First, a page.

Finance and Covid-19: The biggest dangers lurk in risk-free markets
As government debt burdens keep rising to fight the virus, so do the chances of sudden sell-offs that could suck all markets into a vicious downward cycle.
Euromoney asks the head of investment banking at a large firm if he fears that the true extent of the economic damage from the coronavirus will only appear when the vaccines roll out and governments rein in emergency support.
He is not, it turns out, a worrier.
Rather, he expects the boom conditions that helped his business pull in record revenues in 2020 to roll over into 2021, albeit with some differences.
“Remember that, after the devastation of the Spanish flu we had the roaring 20s,” he says, later asking not to have this quote attributed to him.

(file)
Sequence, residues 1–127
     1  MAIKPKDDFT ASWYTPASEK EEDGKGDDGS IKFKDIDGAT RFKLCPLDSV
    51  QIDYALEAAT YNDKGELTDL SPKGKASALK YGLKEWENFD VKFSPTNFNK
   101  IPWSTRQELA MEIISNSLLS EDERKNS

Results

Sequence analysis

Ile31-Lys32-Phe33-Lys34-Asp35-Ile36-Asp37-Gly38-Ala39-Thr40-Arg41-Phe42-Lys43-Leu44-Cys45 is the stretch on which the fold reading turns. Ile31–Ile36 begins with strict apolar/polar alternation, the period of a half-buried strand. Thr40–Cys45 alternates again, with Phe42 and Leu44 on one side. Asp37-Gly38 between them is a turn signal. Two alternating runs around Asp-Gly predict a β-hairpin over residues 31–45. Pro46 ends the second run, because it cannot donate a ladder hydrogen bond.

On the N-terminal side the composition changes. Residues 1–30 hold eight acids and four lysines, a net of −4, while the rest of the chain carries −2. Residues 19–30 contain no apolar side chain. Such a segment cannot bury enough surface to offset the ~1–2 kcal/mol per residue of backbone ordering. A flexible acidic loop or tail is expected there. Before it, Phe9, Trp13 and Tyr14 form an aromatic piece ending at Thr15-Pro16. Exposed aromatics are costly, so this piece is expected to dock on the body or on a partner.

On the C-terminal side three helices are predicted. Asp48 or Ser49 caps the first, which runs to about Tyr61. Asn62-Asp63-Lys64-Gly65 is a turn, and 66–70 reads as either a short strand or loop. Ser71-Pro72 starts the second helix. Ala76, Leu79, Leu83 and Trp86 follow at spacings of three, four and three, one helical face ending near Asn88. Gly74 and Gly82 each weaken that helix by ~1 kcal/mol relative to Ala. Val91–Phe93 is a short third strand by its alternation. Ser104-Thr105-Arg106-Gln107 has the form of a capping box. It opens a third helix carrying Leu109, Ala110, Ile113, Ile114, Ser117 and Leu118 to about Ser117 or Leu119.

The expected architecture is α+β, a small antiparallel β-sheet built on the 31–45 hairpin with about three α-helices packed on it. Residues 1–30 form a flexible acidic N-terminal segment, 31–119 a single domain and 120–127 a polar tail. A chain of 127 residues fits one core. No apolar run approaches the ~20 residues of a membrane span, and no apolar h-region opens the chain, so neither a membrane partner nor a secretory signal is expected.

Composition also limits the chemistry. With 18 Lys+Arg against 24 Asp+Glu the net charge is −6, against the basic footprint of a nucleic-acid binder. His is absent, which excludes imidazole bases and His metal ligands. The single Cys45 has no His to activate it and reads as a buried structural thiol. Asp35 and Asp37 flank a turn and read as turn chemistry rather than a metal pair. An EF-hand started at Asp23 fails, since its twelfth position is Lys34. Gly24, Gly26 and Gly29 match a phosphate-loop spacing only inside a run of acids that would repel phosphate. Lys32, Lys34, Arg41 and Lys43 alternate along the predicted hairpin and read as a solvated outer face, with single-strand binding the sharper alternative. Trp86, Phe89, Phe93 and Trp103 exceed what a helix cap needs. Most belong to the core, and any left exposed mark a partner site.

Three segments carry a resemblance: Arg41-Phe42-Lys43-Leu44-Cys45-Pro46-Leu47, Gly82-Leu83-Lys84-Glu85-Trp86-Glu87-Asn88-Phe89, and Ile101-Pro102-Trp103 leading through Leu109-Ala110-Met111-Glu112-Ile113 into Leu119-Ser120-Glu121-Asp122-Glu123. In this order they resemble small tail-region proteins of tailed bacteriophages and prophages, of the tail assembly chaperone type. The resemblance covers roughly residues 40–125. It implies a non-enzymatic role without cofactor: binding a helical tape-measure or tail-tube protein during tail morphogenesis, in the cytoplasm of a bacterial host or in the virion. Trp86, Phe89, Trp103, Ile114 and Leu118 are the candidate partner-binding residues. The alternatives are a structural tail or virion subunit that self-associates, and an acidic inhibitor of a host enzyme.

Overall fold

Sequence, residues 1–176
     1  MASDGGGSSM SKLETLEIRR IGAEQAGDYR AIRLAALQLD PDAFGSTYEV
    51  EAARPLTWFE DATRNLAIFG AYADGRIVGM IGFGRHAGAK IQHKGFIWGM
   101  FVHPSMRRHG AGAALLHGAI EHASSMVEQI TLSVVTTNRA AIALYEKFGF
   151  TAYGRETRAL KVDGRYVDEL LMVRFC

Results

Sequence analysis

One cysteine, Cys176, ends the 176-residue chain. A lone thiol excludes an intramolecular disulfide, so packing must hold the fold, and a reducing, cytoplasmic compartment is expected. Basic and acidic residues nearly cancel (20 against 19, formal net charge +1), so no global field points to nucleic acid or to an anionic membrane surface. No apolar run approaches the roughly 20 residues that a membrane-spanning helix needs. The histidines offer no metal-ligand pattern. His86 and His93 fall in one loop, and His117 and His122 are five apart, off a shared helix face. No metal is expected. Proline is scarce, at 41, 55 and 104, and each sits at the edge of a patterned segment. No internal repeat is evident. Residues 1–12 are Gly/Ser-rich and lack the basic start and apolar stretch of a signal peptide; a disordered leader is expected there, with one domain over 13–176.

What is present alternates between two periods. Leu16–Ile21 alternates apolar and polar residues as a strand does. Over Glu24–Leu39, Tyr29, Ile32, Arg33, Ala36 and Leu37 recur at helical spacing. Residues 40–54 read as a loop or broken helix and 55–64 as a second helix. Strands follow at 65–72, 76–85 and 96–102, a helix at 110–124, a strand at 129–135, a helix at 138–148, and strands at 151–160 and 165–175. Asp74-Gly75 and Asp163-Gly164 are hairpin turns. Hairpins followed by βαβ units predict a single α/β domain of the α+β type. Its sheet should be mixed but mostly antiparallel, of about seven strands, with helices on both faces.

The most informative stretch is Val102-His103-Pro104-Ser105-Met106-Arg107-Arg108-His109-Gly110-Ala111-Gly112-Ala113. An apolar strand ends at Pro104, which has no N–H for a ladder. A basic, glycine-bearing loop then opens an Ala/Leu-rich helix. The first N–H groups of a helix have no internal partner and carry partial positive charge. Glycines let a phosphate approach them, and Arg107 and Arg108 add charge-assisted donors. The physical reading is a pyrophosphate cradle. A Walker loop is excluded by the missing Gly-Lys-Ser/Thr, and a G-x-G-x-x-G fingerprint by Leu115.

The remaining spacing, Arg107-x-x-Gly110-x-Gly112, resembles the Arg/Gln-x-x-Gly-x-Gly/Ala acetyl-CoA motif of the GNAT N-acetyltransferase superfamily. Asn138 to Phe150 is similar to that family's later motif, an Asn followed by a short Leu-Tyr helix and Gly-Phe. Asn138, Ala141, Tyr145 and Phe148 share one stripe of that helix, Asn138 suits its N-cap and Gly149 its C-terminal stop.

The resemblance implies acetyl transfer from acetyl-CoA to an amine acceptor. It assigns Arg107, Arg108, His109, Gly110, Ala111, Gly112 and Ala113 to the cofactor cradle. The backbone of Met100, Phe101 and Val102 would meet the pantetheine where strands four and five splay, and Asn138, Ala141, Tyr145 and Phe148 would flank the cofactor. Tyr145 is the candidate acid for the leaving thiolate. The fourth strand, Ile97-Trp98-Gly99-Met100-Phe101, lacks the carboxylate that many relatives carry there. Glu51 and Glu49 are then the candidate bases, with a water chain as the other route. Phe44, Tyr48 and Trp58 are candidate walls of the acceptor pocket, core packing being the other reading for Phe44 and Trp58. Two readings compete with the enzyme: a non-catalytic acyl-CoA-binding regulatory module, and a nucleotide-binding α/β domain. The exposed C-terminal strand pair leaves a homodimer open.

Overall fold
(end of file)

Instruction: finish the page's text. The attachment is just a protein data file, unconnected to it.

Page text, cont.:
He thinks M&A will be up at least 15% and maybe more in the 12 months ahead as Covid winners consolidate their industries and laggards restructure.
“Boardroom and management confidence is back,” he says.
Some of those M&A deals will be accompanied by equity raising; many of them by debt. Financing at close to zero rates makes most M&A deals earnings-accretive quite quickly, although it does less for the disciplined analysis of potential return on investment above its cost. Equity investors just like to hear about earnings growth.
Rates are the big wild card
Banks, including this banker’s, are confident and have ample capital and liquidity to extend big bridge loans.
IPOs will also enjoy a strong rebound in 2021, building on the headline successes in December of Airbnb and DoorDash.